Job Service North Dakota
Job Service North Dakota has been allocated funds from the American Recovery and Reinvestment Act (ARRA) of 2009. This Act mandates distribution of ARRA funds through specific existing programs that Job Service North Dakota administers. While these programs and services are not new, an increasing number of North Dakotans are facing the need for skills development and job search assistance.
Job Service works to inform employers, employees and the public of the services available via news events, participation in Rapid Response activities designed to assist laid off workers, extensive promotion through schools and workforce partners, the Internet and more.
Stimulus funds received through Job Service North Dakota will help support the programs and services outlined below. If you would like information on any of these programs and services, visit jobsnd.com or contact the Job Service Customer Service Office in your area.
Employment Services - $2,984,613
The total ARRA Employment Services funds allocated to North Dakota are $2,984,613, with $1,865,383 of those funds designated for Reemployment Services.
Employment services connect people to jobs through job matching, job search assistance workshops, skills testing, and career exploration assistance. These services are available to all job seekers at Job Service offices around the state and online at www.jobsnd.com.
ARRA funds are utilized to address the increased number of individuals seeking employment assistance and place special emphasis on services to Unemployment Insurance (UI) claimants seeking reemployment.
Reemployment Services (RES) - $1,865,383
Reemployment Services funds are specifically targeted at providing reemployment services to the recipients of UI benefits, and include intensive individual services.
In an effort to provide convenient, effective reemployment services to the unemployed, the Job Service UI area has utilized the available RES funds in a variety of areas. Changes and enhancements are being made to our Web-based applications, to our online job-search tools, and towards technology that will assist in identifying transferable skills. Additionally, the funding has allowed the UI area to add temporary staffing to assist individual claimants and provide intensive case management services. The technology-based enhancements provide immediate assistance to claimants, but will also serve to assist claimants in future years, even after a national economic recovery has occurred. This type of use maximizes the effectiveness of the investment, and provides North Dakota with effective tools that will be used on a long-term basis.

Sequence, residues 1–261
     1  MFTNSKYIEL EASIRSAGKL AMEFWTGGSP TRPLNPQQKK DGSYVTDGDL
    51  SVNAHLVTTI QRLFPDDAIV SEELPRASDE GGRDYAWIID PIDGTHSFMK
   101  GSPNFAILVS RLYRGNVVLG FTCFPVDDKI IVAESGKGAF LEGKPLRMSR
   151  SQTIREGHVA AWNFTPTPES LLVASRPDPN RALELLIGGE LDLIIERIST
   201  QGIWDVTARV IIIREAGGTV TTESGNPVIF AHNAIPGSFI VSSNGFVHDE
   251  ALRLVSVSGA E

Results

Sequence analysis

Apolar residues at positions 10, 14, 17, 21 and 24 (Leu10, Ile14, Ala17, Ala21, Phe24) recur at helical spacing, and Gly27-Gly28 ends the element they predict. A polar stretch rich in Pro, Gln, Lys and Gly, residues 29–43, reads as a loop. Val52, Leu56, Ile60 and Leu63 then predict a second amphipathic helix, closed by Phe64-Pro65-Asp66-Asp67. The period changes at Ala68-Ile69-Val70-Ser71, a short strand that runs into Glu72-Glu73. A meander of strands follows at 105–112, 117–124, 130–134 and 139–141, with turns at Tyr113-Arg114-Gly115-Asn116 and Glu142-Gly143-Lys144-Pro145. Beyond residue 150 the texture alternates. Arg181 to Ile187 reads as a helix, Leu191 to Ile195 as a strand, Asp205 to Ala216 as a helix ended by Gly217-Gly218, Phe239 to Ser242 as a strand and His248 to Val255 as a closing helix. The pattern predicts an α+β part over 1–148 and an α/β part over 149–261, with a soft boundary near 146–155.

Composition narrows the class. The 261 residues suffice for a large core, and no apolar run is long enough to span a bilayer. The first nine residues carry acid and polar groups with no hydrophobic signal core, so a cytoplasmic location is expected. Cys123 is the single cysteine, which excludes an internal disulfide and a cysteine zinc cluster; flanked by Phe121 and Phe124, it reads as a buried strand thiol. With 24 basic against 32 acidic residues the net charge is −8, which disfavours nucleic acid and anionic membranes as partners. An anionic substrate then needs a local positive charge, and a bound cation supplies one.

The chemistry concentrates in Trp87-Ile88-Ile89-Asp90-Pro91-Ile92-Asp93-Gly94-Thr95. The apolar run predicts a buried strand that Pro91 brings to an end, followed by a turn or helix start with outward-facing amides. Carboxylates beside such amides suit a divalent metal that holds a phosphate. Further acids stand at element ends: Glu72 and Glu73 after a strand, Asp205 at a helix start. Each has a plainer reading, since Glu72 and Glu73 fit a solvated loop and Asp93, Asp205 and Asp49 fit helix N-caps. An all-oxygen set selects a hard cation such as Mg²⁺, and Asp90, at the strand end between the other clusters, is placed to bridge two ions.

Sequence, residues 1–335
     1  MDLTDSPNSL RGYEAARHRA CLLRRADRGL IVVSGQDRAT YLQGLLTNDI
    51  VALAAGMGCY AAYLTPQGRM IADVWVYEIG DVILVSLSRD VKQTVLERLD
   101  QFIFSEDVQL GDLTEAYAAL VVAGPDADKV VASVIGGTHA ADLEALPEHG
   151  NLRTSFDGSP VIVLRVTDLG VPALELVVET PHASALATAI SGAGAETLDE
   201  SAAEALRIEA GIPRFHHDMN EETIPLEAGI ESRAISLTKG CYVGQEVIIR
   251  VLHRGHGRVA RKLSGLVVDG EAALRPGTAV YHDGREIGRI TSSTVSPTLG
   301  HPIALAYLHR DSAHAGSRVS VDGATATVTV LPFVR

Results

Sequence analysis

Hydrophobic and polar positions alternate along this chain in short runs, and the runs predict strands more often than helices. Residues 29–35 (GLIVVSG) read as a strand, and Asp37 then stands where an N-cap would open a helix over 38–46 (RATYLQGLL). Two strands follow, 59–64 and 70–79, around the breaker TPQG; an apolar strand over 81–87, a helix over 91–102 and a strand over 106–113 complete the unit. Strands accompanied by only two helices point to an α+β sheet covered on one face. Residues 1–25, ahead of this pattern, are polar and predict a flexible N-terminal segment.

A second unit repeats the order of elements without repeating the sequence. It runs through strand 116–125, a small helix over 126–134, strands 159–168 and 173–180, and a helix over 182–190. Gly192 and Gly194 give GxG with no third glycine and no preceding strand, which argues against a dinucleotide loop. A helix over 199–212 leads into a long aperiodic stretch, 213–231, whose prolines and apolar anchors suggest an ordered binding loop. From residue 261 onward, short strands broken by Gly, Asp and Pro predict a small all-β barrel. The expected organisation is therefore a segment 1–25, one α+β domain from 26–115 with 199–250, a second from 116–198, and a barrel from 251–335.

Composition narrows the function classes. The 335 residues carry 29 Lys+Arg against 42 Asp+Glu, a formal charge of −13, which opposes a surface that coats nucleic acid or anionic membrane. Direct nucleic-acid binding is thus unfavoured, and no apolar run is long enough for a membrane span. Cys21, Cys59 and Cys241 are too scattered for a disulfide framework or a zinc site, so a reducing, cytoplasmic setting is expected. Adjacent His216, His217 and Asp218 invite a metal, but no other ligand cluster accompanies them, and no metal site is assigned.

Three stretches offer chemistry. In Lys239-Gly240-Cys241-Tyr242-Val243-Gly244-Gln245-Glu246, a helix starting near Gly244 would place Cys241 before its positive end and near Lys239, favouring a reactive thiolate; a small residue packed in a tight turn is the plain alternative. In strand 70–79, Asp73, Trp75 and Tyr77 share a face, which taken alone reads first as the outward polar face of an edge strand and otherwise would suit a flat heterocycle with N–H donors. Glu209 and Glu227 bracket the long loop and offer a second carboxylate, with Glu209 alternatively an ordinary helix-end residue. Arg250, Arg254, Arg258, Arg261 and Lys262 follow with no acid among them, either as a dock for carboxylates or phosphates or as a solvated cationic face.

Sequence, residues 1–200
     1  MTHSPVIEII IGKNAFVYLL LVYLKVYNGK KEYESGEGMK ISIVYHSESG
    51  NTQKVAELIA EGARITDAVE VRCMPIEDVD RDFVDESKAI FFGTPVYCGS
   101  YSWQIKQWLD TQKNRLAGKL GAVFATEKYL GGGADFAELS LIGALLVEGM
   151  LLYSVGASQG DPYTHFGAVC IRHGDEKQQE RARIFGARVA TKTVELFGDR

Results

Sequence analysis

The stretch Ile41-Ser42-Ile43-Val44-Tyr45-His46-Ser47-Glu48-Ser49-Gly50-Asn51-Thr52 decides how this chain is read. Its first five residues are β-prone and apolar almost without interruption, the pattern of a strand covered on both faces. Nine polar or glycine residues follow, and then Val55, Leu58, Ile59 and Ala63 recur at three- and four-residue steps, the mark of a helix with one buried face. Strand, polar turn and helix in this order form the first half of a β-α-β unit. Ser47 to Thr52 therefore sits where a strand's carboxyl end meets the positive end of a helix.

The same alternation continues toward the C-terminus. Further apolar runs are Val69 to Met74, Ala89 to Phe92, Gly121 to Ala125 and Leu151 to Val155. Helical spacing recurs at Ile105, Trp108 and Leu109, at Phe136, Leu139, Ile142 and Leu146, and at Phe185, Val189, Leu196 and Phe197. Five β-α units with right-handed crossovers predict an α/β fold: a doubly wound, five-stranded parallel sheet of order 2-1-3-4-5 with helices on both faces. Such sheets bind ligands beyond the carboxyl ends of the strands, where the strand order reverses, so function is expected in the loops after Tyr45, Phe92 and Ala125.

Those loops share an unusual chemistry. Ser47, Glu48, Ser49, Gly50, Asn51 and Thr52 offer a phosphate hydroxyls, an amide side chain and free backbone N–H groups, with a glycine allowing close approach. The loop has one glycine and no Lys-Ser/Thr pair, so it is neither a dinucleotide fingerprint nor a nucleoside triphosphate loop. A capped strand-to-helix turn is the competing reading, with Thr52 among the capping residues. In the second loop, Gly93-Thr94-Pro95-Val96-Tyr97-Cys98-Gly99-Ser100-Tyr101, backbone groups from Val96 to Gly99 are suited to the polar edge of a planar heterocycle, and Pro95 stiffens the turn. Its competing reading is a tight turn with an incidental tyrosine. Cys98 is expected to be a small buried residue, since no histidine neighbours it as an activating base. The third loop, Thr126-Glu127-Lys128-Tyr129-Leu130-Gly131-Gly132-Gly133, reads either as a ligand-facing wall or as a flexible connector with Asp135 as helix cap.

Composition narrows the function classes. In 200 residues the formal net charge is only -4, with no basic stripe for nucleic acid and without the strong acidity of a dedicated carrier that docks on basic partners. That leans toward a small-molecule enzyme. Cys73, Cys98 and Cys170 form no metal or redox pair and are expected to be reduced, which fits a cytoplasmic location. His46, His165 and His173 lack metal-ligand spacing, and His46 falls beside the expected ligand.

Workforce Investment Act - $5,068,883
The ARRA funds allocated to North Dakota through the Workforce Investment Act (WIA) total $5,068,883 which are allocated to various programs as outlined below. These additional ARRA funds for WIA programs help provide the individual assistance needed to place individuals in high-wage, high-demand occupations. There are three WIA program categories: Adult, Dislocated Worker and Youth. Individuals must meet specific eligibility criteria for each category. WIA is not an entitlement program and not all who meet eligibility criteria will receive funding.
Adult and Dislocated Worker Programs - $1,234,406 (Adult)
$916,452 (Dislocated Worker)
Adult and Dislocated Worker programs are designed to help individuals enter the job market or become re-employed after job loss. The types of assistance vary with individual needs and often include identifying skills and interests, determining training needs and opportunities, short-term, limited financial support, and financial assistance for training.
Focus is placed on obtaining employment in North Dakota's high-wage, high-demand jobs. Individuals must qualify for programs based on factors such as income levels, disabilities, or lay off circumstances.
ARRA in Action – North Dakota Success Stories – Adult and Dislocated Workers
- "Susan" is 23 and a single mother. She worked seasonally as a paraprofessional for the past four years. She also worked seasonally for an area farmer grading potatoes in the warehouse. In 2009, Susan started working as a community outreach worker where she developed an interest in nursing and decided to take a Certified Nurse Assistant (CNA) training class. Due to her limited income this class was funded with ARRA funds through the WIA program. Susan's goal is to advance her career in nursing through further education and continued employment. ARRA funding allowed her to take the first step.
- A young man, "Bob" from rural North Dakota is a single parent and an offender. Job Service placed Bob in an On-the-Job Training (OJT)/apprenticeship opportunity in a high-wage, high-demand occupation. This opportunity offers Bob continued employment potential and allows him to live, learn and earn a living in rural North Dakota. An established partnership between the Joint Electrical Apprenticeship and Training Committee (JACTC), the potential employer, and Job Service resulted in this OJT activity. The OJT and apprenticeship training books were purchased with WIA funds.
- "Shawn" was dislocated from a low-paying position that had no advancement potential. He came to Job Service seeking assistance to improve his skills and re-enter the workforce. WIA funds were used to provide him with short-term Commercial Drivers License (CDL) training to become a truck driver, which is a high-demand occupation in North Dakota. The transition from being out of work to completing the six-week CDL training, to new employment lasted approximately eight weeks. One day, Shawn called the case manager to thank him for the assistance Job Service provided. The case worker learned that Shawn was stopped at a rest area and calling from the cab of the truck of his new employer.